saponaceous was our Word of the Day on 12/30/2013. Hear the podcast!
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Did You Know?
Saponaceous is a New Latin borrowing by scientists that is based on sapo, the Latin word for "soap." It describes natural substances, like aloe gel or some plant roots, used in making soap or having the properties of soap. It also describes things that feel or appear soapy-for example, some shales and clays, mica, and certain chemical preparations. In the 19th century, saponaceous began to be used for people having a slippery, evasive, or elusive character. One famous example is the elocutionist Bishop Wilberforce mentioned in our second example sentence, whom British politician Benjamin Disraeli described as "unctuous, oleaginous, saponaceous." In The Devil's Dictionary, author Ambrose Bierce uses Disraeli's quote to illustrate the word oleaginous, noting that "the good prelate was ever afterward known as Soapy Sam."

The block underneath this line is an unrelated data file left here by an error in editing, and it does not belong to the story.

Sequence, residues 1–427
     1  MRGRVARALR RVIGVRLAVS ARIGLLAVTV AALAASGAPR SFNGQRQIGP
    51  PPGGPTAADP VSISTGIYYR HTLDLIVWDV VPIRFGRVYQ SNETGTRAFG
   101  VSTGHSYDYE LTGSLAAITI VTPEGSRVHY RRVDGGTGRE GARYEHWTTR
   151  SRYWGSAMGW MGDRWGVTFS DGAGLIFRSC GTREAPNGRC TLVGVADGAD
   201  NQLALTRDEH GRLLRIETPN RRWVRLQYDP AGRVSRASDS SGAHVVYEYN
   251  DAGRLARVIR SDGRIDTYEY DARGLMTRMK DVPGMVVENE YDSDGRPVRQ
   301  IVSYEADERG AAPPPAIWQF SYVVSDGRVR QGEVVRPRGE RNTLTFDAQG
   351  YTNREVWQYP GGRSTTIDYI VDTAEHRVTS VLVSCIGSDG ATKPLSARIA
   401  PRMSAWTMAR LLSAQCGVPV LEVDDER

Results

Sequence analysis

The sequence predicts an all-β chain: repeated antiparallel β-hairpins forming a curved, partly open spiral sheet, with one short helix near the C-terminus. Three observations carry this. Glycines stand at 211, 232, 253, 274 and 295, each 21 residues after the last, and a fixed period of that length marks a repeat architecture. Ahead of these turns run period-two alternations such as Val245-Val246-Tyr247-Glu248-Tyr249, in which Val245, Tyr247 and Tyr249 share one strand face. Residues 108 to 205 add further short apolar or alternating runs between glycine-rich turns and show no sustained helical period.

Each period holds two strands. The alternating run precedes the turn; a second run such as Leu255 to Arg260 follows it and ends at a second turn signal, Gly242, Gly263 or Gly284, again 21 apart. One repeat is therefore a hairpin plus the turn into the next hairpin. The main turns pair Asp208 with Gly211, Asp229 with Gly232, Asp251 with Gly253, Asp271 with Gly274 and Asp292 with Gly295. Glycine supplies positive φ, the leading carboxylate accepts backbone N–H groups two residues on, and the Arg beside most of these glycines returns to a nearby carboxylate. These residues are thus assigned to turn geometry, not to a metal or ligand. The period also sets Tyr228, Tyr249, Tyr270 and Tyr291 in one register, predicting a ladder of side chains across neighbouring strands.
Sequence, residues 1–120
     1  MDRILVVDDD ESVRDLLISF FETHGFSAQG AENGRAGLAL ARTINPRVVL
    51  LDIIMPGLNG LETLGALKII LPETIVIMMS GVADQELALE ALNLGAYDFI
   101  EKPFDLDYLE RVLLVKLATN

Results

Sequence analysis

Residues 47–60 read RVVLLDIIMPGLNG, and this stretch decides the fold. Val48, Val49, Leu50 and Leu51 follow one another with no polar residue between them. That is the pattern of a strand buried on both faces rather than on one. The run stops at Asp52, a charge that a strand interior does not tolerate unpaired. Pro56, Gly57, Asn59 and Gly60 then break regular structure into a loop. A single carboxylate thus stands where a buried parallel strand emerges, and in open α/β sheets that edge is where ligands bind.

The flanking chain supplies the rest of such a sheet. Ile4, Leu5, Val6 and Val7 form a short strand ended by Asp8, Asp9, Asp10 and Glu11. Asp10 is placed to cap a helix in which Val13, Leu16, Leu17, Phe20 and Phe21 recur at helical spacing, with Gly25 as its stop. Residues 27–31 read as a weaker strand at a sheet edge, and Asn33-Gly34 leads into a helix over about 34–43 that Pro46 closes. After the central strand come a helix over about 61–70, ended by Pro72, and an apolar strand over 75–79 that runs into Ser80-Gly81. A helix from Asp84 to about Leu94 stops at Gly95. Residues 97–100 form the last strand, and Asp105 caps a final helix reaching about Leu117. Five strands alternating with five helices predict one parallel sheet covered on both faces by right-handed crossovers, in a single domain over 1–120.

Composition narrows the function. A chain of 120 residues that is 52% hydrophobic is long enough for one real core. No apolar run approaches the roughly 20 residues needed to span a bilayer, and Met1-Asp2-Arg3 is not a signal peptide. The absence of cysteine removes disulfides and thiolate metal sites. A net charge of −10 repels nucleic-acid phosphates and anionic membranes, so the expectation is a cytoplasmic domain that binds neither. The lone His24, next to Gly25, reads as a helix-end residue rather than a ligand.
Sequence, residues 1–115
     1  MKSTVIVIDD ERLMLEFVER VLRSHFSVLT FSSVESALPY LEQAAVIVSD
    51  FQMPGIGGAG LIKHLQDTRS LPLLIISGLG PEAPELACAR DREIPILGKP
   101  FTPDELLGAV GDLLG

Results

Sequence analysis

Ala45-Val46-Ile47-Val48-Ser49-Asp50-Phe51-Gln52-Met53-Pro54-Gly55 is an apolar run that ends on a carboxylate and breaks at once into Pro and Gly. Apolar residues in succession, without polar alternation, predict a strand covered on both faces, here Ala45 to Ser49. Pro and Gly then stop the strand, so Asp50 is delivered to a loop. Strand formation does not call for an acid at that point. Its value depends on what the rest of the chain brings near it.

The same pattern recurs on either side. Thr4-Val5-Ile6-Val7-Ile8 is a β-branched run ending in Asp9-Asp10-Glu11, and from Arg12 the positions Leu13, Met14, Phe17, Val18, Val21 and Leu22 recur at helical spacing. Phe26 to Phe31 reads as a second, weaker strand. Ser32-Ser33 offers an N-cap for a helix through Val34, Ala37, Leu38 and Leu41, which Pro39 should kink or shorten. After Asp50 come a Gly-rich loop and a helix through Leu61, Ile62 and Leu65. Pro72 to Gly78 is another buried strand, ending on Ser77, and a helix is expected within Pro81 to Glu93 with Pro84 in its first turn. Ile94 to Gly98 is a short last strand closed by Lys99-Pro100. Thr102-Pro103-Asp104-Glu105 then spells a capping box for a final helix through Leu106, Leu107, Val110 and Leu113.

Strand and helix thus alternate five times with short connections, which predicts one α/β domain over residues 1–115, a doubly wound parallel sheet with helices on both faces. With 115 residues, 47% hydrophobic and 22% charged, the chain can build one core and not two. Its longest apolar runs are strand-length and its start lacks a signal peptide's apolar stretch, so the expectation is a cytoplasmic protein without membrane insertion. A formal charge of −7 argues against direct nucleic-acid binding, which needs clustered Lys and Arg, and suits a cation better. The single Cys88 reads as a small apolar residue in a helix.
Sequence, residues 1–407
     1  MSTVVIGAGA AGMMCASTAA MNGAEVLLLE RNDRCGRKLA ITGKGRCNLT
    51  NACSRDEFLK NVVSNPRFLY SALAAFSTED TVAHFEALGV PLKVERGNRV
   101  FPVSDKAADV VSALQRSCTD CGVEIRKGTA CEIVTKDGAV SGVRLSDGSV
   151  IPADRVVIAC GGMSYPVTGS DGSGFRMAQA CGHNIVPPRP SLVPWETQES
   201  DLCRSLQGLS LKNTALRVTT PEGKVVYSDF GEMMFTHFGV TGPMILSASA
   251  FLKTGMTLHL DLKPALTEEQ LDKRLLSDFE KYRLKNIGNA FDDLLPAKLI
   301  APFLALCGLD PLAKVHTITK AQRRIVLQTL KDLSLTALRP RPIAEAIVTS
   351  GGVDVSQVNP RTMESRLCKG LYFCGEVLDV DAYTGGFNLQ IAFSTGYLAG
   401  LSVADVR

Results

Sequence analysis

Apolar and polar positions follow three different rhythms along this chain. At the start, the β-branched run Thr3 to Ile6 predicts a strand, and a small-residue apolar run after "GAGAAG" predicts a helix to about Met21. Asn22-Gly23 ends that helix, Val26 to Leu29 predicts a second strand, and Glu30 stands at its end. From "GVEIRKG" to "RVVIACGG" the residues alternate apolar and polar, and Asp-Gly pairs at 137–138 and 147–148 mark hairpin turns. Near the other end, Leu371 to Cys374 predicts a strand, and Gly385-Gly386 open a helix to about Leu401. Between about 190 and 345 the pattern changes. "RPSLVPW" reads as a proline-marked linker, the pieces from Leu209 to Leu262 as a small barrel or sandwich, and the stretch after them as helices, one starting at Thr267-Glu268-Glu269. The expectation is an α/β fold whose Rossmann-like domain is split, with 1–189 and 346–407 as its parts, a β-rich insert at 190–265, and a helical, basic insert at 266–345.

Origin and Etymology of saponaceous
First Known Use: 1710See Words from the same year
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